Instead, the submental VLN flap skin paddle was designed along the lower margin of the mandible. Initially, a width of 10×5 cm was used to include the anterior belly of the digastric muscle, and this approach has been altered to 6×2.5 cm (close to the mandibular angle) in order to include one to two skin perforators; additionally, a width of 5 cm of the medial part of platysma has been used to avoid the inability to lower the bottom lip, which is a symptom of marginal mandibular pseudoparalysis. Specific technical considerations must be given to the location, preservation, and perfusion of the lymph nodes in the region.
Cheng et al. first described a mean of 3.3±1.5 sizable submental lymph nodes in a 10×5 cm skin paddle inferior to the mandibular line in 2012. Tzou et al. also reported a mean of 3±0.6 submental lymph nodes with a size of 4.5 ±1.8 mm×2.9±1.2 mm in the submental area. Most of these lymph nodes were found to be located 5–6.5 cm from the midline. There were a mean of four skin perforators between 4 and 6 cm from the midline. The vascular supply in the submental region is shown in Fig. 14.1 . In the subplatysmal space, key structures were found within the various layers of the cervical fascia. The main arterial sources of the neck structures included branches of the external carotid system. The arterial supply to the submental VLN flap was based on the submental artery, which is a consistent branch of the facial artery. The facial artery was found approximately 2–2.5 cm anterior to the mandibular angle at the level of the lower mandibular border. The submental artery with a mean diameter of 1.3±0.2 mm was found 6.4 cm from the midline, originating as an anterior branch of the facial artery (see Fig. 14.1 ). In an anatomic study, the facial artery was found to be superficial to the gland in 69% of the dissections, and in 31% of the cases, the facial artery was found to be penetrated between the gland, which required intraglandular dissection ( Fig. 14.2 ). Following the course of the submental artery past the submandibular gland, the artery traveled on the superficial surface of the mylohyoid muscle. During its arterial course, the submental artery supplies various skin perforators through the platysma muscle. The distal aspect of the submental artery can have a variable course in relation to the anterior belly of the digastric muscle. In approximately 70% of the patients, the distal submental artery traveled deep to the digastric muscle, while the remaining arteries traveled superficial to the muscle. The venous system paralleled the arterial system, with the submental vein draining into the anterior facial vein.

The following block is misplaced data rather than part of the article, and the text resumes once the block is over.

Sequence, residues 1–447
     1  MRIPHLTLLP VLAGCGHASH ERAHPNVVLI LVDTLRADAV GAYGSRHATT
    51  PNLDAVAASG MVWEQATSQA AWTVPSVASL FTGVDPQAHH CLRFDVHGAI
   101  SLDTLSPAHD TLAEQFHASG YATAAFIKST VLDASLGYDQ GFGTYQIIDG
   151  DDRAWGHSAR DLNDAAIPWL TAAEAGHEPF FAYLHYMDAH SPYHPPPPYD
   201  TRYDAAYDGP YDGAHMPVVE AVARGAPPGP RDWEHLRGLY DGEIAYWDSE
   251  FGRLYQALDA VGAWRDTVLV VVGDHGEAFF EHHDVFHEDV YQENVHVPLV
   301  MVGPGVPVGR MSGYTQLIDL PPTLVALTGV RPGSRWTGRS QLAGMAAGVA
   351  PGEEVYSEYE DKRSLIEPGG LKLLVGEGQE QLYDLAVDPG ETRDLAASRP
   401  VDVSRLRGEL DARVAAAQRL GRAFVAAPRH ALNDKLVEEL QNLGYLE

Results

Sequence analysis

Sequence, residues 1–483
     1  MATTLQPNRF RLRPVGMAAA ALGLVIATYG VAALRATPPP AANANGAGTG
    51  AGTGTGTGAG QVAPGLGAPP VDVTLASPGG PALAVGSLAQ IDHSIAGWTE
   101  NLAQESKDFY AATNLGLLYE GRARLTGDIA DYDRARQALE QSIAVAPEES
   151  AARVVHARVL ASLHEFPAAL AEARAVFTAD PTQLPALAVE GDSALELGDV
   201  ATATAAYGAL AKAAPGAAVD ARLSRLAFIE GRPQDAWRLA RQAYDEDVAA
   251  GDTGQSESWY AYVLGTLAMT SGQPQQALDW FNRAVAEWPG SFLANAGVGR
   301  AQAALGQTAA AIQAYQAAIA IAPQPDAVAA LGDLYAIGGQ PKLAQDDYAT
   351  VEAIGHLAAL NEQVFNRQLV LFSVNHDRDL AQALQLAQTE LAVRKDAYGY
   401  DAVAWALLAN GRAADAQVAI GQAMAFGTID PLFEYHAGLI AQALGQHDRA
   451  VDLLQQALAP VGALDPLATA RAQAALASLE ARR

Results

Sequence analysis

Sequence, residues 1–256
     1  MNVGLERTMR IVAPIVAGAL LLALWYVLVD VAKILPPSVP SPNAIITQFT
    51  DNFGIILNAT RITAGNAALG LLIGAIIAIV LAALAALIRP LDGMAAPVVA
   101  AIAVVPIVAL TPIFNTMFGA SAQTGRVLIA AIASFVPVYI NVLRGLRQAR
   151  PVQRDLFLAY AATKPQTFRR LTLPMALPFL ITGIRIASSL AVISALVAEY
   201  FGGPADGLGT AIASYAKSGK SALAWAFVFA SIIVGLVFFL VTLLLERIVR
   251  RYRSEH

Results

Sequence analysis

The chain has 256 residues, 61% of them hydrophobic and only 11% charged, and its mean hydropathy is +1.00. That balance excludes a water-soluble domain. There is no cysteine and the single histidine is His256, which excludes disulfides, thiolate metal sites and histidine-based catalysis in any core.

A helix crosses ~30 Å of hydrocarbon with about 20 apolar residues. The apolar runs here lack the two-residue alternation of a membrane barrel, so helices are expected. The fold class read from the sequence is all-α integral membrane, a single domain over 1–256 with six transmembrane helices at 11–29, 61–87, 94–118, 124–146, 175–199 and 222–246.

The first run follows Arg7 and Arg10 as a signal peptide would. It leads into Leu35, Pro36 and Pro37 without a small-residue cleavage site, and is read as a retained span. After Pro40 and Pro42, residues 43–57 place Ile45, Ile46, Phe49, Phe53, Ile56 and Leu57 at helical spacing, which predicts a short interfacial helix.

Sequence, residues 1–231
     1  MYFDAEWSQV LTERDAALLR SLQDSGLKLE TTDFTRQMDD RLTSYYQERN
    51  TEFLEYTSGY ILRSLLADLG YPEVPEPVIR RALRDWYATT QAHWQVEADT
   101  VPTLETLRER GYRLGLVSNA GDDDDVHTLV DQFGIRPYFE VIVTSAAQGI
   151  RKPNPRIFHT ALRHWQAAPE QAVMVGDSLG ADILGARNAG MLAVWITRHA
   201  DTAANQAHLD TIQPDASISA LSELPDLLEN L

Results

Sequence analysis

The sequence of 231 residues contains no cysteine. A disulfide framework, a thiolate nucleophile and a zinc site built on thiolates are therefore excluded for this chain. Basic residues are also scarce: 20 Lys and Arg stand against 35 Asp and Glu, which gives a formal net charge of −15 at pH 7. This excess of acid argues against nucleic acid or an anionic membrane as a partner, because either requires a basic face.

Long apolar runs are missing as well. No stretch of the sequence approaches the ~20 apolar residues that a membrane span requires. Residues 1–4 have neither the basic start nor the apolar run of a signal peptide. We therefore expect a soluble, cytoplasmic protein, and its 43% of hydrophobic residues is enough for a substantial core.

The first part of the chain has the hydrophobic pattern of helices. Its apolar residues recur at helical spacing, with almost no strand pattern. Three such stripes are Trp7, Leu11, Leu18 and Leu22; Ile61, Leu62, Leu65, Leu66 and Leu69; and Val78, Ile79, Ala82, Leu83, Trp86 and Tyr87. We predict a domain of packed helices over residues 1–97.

Special consideration is warranted for the location of the marginal mandibular branch of the facial nerve (MMN). The MMN, with a mean diameter of 1.0±0.1 mm, usually runs superficial to the facial vessels.